Howard is an avid short story reader who likes to help others find and understand stories.
Stephen King is known best for his novels, but he's also written over 200 short stories. This page lists a few of them with a short teaser. I try not to give away too much of the plot.
I hope you find a new story to check out.
If you're interested in a collection, it seems that they haven't been compiled into a single large volume yet. His first collection, Night Shift, has several of his most famous short stories, including two of the stories on this page, "Graveyard Shift" and "Strawberry Spring".
"Cain Rose Up"
Garrish enters his dorm. His classmate, the Beaver, complains about the difficult test they just had. He thinks he failed. Garrish heads for his room. He doesn't think much of his fellow students. At his door, he has an interaction with the floor-counsellor and has uncharitable thoughts about him, as well. Garrish's roommate has already left for summer break, so the room is nearly empty. Garrish goes to the closet and takes something out.
A thirteen-year-old boy, Dale, is visiting his great-grandfather, Rhett, at the Good Life Retirement Home. Dale has to talk to his oldest living relative and then write a report on how much things have changed. They cover the obvious things, like TV and radio. Rhett gets distracted by some vivid memories of riding the bus with his brother, Jack, and his peculiar childhood. Thinking of the few years or months he has left, Rhett decides to tell Dale something he's never told anyone.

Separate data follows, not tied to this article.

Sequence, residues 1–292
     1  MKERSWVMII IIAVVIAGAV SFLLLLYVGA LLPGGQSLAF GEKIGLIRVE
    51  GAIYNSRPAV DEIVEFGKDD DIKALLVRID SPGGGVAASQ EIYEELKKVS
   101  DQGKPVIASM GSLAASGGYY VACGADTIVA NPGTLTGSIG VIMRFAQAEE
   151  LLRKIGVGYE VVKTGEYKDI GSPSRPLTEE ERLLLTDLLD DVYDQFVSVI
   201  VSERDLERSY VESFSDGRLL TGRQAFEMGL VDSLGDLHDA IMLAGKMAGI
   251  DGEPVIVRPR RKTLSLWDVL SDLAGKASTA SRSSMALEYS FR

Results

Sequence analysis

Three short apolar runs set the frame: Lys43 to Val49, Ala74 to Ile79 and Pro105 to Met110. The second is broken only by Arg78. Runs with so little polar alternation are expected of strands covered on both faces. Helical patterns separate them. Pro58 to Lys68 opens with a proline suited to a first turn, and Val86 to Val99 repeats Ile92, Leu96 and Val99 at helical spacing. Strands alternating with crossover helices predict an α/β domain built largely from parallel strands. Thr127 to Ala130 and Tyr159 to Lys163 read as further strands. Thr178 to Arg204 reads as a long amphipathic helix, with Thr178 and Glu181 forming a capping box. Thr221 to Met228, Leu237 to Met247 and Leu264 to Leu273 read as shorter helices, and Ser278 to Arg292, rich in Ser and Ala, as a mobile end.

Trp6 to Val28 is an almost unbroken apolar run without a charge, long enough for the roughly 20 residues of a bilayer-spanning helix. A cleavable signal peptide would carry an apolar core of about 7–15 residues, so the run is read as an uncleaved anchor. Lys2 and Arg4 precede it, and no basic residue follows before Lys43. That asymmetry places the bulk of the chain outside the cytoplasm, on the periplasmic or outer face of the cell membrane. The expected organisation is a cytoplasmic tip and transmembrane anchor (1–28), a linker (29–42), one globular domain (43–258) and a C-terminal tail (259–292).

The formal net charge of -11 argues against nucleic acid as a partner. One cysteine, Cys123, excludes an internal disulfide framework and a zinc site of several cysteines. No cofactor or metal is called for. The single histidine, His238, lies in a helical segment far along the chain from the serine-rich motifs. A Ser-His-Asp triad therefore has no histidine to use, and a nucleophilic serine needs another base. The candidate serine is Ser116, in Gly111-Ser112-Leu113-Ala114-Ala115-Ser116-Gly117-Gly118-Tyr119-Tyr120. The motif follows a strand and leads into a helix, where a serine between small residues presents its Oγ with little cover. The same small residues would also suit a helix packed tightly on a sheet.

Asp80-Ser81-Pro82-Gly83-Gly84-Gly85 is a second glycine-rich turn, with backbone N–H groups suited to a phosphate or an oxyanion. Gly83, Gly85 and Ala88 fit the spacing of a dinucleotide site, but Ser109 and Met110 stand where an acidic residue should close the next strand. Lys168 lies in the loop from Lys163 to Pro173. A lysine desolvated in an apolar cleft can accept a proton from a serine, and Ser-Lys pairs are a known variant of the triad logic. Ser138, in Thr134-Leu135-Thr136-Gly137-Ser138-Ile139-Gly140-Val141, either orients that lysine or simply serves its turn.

"The Cat From Hell"
Halston, a hitman, is at the house of an old man. He's used to seeing death, and he recognizes it in this old man—he looks sick, afraid and he's in a wheelchair. The meeting is safe, having been arranged by a reliable intermediary. The old man has a job for Halston. He reveals that the target is in the house with them. Despite years of experience in the field, Halston is surprised.
Halston moved quickly. His reflexes were his life and they were always set on a filed pin. He was off the couch, falling to one knee, turning, hand inside his specially tailored sport coat . . .
— "The Cat From Hell"
Jim is in his shack reading when Sheriff Barclay and a group of deputies arrive. Jim doesn't ask what they want. Barclay asks Jim where his hat is, but Jim doesn't know. He's taken into custody. His shack is searched. He's questioned about his activities earlier that day. Jim isn't known for his intelligence; he does a poor job of defending himself. Barclay takes Jim to the jail in town.
Harvey, a sixty-year-old, is a success on Wall Street. He has energy during the workweek, but on Saturdays he appears at breakfast looking old and sloppy. His wife, Janet, hates the contrast, viewing it as a preview of his retirement. She's disillusioned with life. Harvey, who slept in the guest room last night, surprises Janet by saying it's a good thing they were apart. He had a bad dream last night—so bad that he screamed himself awake.
It's 2 a.m. on Friday. Hall is on a smoke break at the textile plant. It's hot and the mill is rat-infested. He makes a decent wage and is a solitary person. Warwick, the foreman, comes up to the third floor, which is unusual. The mill is going to be shut down for Fourth of July week. Staff of less than a year, like Hall, will be laid off. Warwick offers Hall a spot on a cleanup crew. The basement has been neglected for years. It's full of rats and filthy. The pay sounds good, so Hall accepts.